The programme delivery makes use of a range of teaching and learning methods suggested in the QAA benchmark statement which include: • Tutor-led lectures • Tutorials and seminars • One to one interaction • Practical workshops and exercises in a simulated work environment • Small group teaching and group project work • E-learning (Moodle) • Peer learning through discussion of colleagues work • Independent learning • External work experience (work related/based learning) A range of assessment methods are utilised that are appropriate to the level and subject, and taking into account developments in the Coaching science sector, higher education, and advances in technology. Learning outcomes are assessed by a variety of methods aimed at enhancing the student experience. These methods include, but not inclusively, the following: group and individual work, multiple-choice exams, reflective practice reports, essays, open-book exams, poster presentations, oral presentations, case study deconstruction, programme planning, debate & discussion, reflective learning logbooks, seen question examinations, research production, and journal article reviews. Work assessed through presentations and oral exams will be required to be videotaped in order to allow for both internal and external moderation. Students are expected to undertake independent study both to supplement and consolidate what is being taught in formal classes. Much of the teaching is supported by the Moodle virtual learning environment (VLE) and other online materials developed by staff. The framework provided to students for independent study diminishes as students become increasingly more autonomous in their learning. The assessment strategy is in line with the QAA Subject Benchmark Statement for Sport. This states that assessment must be appropriate to the intended learning processes, the learning context and needs and stages of progression of the students. To ensure these requirements are met, assessment methods on the programme comprise a range of techniques. The assessment spread and type is also important for the student experience and this is reconsidered on an annual basis.


Graduate Attributes, Employability & Personal Development Planning

The ‘I AM UWS’ graduate attributes have been developed to reflect the vision where UWS graduates are work-ready and able to successfully contribute both locally and globally. As part of the programme design and development, the graduate attributes are aligned with all aspects of module and programme delivery.

Employability is embedded and developed throughout the programme to ensure students are work-ready. Students work closely with professional partners from Level 7 to Level 10. Students develop their vocational skills throughout the programme by gaining industry awards and networking within sports organisations. This develops students’ understanding of professional requirements in sport coaching. The knowledge developed through the programme is focussed on the needs of the industry through Skills Active. The skills and attributes acquired by the students are reflective of QAA Subject Benchmark Statements along with the SCQF levels 7-10 qualification descriptors. In addition, the teaching staff, through their affiliations with professional bodies, provide up-to-date information and contacts on the evolving profession of sport coaching.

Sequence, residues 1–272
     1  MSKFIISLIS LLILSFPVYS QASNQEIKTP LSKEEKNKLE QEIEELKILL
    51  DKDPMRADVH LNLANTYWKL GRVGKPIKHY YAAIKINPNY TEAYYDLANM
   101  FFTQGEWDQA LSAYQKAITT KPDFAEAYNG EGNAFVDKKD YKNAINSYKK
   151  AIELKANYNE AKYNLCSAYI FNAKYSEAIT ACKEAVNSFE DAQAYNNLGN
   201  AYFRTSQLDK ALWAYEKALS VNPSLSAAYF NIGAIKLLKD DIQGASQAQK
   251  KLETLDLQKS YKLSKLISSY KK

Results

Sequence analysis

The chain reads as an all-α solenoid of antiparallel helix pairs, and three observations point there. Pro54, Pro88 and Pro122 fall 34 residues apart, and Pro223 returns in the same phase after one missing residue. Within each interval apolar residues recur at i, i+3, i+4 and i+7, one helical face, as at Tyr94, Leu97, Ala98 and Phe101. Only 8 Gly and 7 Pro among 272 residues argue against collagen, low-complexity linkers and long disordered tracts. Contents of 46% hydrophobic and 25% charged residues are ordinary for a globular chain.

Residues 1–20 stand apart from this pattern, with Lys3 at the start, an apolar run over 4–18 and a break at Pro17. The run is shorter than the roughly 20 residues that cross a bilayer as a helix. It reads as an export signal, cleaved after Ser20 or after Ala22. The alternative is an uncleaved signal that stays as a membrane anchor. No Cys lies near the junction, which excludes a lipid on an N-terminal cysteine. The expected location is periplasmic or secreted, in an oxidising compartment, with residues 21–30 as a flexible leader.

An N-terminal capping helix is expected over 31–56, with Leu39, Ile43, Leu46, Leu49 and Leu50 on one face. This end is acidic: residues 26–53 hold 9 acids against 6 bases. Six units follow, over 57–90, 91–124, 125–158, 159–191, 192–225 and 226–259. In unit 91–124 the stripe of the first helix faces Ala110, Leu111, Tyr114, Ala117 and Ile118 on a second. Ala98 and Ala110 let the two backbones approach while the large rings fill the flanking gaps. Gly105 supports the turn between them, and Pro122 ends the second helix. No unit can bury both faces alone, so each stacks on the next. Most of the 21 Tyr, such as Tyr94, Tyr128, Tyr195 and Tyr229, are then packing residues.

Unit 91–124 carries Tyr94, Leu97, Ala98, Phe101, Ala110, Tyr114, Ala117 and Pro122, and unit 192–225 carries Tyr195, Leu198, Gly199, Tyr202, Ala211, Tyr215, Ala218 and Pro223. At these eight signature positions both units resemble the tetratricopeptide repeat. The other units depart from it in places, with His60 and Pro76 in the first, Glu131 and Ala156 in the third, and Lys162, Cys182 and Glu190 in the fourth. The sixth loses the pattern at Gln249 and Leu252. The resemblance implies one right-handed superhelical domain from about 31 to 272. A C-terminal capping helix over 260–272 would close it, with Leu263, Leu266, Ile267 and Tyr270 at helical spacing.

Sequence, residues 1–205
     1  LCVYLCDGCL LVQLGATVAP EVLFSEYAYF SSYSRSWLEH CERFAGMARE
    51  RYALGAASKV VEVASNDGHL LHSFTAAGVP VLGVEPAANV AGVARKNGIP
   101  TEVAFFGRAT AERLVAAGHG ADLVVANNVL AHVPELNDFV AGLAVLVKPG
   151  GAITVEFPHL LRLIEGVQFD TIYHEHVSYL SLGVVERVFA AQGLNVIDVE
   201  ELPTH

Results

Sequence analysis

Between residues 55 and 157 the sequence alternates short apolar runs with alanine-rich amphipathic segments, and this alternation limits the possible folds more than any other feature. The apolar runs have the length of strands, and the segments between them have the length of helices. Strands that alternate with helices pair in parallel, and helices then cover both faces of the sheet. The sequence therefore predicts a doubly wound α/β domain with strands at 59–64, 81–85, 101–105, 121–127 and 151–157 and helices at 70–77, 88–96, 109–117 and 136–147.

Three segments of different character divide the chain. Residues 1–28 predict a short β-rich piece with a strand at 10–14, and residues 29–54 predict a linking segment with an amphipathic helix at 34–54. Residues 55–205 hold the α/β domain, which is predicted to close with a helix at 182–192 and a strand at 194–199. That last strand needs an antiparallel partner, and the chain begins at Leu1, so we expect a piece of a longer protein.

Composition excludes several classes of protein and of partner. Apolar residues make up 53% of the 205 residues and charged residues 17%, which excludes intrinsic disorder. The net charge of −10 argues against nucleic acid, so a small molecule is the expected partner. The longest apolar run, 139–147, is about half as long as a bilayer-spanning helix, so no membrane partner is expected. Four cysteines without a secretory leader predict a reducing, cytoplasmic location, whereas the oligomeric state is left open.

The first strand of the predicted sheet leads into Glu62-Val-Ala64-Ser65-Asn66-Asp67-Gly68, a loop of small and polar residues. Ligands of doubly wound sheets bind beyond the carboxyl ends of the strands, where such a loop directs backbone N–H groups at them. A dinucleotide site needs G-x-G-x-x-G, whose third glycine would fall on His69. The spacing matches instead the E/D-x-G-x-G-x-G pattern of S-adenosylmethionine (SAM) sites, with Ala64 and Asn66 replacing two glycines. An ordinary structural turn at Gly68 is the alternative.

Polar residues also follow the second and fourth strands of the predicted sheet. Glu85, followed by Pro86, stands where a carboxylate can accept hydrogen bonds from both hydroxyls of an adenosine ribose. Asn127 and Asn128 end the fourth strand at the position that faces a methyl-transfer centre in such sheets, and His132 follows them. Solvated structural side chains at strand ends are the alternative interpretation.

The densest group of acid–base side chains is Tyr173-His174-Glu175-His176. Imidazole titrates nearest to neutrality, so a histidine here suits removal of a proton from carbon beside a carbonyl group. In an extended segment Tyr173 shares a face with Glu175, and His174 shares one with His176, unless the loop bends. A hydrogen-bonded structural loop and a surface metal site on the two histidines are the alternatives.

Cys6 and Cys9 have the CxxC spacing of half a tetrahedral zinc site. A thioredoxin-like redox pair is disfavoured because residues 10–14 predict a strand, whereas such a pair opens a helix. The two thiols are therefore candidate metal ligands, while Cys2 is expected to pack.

Core to embedding employability is the formal and informal ways in which the range of the students’ skills and achievements in areas such as data analysis, problem solving and effective communication, as well as self-reflection, decision-making, time management and effective learning and working behaviours are developed across both the academic and practical modules in the programme, all with the emphasis on preparing students for future employment, or indeed, study at a higher level.

There are a range of employment markets for graduate sport coaches, including professional sports clubs, commercial and social enterprises, local authority sports programmes, schools, disability sports clubs, and national governing bodies (NGBs). Roles include academy coach, specialist technical coach, coach educator and coach manager. There is also potential for progression to a career in education or further research (e.g., doctoral studies).

Personal development planning is embedded in all of the BSc Hons) Sport Coaching modules. The process of personal development is implicit in all activities and engagement with students.